Each month, Disney fans and D23 Members send us dozens of questions for Disney Legend and Chief Archivist Emeritus, Dave Smith. To get your answers, check back every couple weeks—we’ll be publishing more of our beloved Disney Legend’s answers to your questions about Disney history!
Q: In an episode of Disneyland entitled “The Fourth Anniversary Show,” Walt tells the story of a visit to the studio by Russian composer Sergei Prokofiev who proceeds to play Peter and the Wolf for Walt, inspiring him to make the animated version that appeared in Make Mine Music. Is there any truth in this story, or was it just staged for television?
Templeton, Louisville, Kentucky
A: The TV show version was staged, but the meeting did actually happen. Prokofiev visited the Disney Studio on February 28, 1938, with his lawyer Randolph Polk, to play the piano score of Peter and the Wolf for Walt Disney and Disney composer Leigh Harline. Supposedly Prokofiev had written the piece with Walt in mind. It took a while, but a contract was finally signed three years later, and our Peter and the Wolf came out in Make Mine Music in 1946.
Q: How much is the first Disneyland ticket valued at, and would it ever be sold?
Josselin, Moreno Valley, California
A: There is really no way to estimate a value. It is a part of the permanent collection of the Walt Disney Archives and will never be sold.
Q: I found an old copy of Art of Animation in my house a few years ago, and stuffed between a couple of the pages are hand-drawn sketches of what looks like Pinocchio storyboards. While I doubt they have any actual historical significance, is there any way to verify that?
Haylie, Granada Hills, California
A: You could send scans to the Disney Animation Research Library and ask the staff there.
Q: I found two stuffed-animal-head hats that my mom and I wore when we got to be a part of one of the parades at Disneyland. One is a pink panda and the other is an orange lion with a plastic raffia mane. If I remember correctly, cast members randomly picked out guests to be in the parade. I believe it was the Happiest Homecoming Parade in 2005. Am I right?
Nicki, Chatsworth, California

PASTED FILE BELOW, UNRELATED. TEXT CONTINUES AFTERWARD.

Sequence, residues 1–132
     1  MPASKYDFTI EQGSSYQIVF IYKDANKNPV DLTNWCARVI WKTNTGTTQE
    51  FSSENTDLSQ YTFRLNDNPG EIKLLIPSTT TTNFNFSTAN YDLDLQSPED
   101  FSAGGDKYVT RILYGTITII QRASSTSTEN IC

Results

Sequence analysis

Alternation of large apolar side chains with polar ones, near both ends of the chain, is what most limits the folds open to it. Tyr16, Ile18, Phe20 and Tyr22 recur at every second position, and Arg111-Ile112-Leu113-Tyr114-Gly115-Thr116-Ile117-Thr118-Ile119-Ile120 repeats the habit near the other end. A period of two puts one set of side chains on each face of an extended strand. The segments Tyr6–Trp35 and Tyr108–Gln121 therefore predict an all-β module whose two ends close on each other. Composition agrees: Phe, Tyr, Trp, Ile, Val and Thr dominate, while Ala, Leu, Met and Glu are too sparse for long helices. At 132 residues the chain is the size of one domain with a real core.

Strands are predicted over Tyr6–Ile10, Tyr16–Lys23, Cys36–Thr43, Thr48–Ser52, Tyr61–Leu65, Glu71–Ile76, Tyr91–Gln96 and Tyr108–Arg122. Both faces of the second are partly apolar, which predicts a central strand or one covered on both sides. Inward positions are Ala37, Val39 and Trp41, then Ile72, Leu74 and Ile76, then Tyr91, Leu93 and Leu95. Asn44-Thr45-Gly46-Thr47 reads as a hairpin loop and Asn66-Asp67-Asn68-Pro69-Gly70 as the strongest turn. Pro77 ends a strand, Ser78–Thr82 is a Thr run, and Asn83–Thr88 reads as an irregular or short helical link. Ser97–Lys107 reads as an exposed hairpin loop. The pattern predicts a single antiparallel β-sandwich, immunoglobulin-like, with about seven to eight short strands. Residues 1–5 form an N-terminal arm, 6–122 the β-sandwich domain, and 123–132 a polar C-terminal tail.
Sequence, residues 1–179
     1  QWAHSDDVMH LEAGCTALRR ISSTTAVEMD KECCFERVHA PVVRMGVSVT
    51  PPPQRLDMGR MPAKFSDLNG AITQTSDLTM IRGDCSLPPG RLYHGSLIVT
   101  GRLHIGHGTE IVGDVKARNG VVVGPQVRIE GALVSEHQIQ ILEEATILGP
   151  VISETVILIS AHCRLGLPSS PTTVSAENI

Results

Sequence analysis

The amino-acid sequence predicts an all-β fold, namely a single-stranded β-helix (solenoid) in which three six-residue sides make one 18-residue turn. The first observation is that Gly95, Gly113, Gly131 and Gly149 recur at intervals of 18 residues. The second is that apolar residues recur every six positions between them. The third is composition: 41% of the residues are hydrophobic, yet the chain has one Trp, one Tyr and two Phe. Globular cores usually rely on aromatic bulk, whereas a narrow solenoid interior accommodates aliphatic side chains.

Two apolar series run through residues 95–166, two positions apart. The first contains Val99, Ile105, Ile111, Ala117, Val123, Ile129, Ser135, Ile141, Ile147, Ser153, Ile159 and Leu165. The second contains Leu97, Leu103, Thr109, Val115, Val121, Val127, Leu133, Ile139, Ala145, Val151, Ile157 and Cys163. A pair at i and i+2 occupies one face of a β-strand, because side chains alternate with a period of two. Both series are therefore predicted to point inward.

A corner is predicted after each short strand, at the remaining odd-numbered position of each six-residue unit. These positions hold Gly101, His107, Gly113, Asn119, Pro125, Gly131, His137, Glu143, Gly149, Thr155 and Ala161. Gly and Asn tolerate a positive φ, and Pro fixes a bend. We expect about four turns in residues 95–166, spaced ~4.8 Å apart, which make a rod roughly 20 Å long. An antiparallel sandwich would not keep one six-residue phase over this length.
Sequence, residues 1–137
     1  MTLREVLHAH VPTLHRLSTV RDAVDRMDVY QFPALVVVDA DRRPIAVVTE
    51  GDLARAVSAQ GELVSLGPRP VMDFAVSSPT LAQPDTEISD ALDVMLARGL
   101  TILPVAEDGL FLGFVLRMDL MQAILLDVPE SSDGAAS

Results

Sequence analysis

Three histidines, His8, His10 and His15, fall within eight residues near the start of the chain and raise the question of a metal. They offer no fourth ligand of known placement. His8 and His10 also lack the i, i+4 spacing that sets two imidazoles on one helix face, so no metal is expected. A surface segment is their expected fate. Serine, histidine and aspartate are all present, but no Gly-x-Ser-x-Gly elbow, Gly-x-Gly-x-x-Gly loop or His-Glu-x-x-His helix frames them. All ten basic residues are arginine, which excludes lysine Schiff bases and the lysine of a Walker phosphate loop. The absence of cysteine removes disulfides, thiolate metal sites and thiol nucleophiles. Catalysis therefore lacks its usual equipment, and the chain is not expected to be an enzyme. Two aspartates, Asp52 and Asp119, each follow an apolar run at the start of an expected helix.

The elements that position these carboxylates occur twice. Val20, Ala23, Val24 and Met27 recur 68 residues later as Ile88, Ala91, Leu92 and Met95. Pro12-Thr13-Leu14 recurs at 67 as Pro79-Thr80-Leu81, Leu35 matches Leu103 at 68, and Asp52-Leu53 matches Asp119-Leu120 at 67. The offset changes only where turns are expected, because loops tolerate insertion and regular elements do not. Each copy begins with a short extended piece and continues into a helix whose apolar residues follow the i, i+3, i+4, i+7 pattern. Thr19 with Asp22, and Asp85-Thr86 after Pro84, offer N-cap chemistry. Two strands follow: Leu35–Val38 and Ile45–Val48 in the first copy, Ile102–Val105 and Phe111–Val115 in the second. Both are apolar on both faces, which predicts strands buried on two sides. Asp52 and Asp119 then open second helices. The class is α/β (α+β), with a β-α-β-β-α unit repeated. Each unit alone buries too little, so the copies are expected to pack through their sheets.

A: In Disneyland’s 45 Years of Magic Parade in 2000, guests chosen to participate in the parade were given tutus and brightly colored animal hats to wear along the parade route. Perhaps this is the parade you recall.
Q: Has Pixar ever helped with any Disney animated movies?
Kobe, Delaware, Ohio
A: John Lasseter, chief creative officer of Pixar, is also chief creative officer at the Walt Disney Animation Studios. Ed Catmull, president of Pixar, is also president of Walt Disney Animation Studios. So, yes, the two groups consult with each other.
Q: What do you do with the recordings of current presidents at the Hall of Presidents at Walt Disney World after the person is no longer president?
Avi, Irvine, California
A: The recordings are maintained in the sound department at Walt Disney Imagineering.
Q: I have a Disney doll and I think it is a Mortimer. There is no labeling or paperwork. I am trying to find out exactly what it is and what year it was made and the value, if any.
Vicki, Philadelphia, Pennsylvania
A: You can try sending a photo to Disney.Archives@disney.com.
Q: Found in my brother’s storage: “The Juvenile Drama Pollocks Regency Theatre with the Characters and Scenes for The Sleeping Beauty,” ”Made in England.” It’s never been opened. Can you tell me about this, and who would be interested in having it?
Jerry, Corona, California
A: Sorry, the Walt Disney Archives has little information on foreign-produced Disney merchandise. This item is unfamiliar to me.
Q: We have an 8mm black-and-white Steamboat Willie cartoon reel. How much would it be worth, if anything?
Jamie-Lee, Sonoma, California
A: Old 8mm Disney films have little or no value—few people have projectors anymore, and the films have all been released on other media.
Q: I’m wondering if Disneyland has a banner of any kind that I might put on my bedroom wall behind my growing Disney collection on the shelf. And do you have past years of yearly snow globes like from 2005 and 2006.
Marshall, San Diego, California
A: These are not things that you could get directly from Disney. You might try eBay.
Q: When EPCOT first opened in 1982, there was a special on TV (I don’t remember if it was on Disney Channel or network TV), but it had a short biography on Walt Disney. As the short film was being played, Mac Davis sang a song called “Marceline” in reference to Walt’s boyhood hometown. Is there any place I could find that song? Was it ever released on a CD or album? I remember as a kid watching that over and over just because I liked the song “Marceline.”
Jason, Greer, South Carolina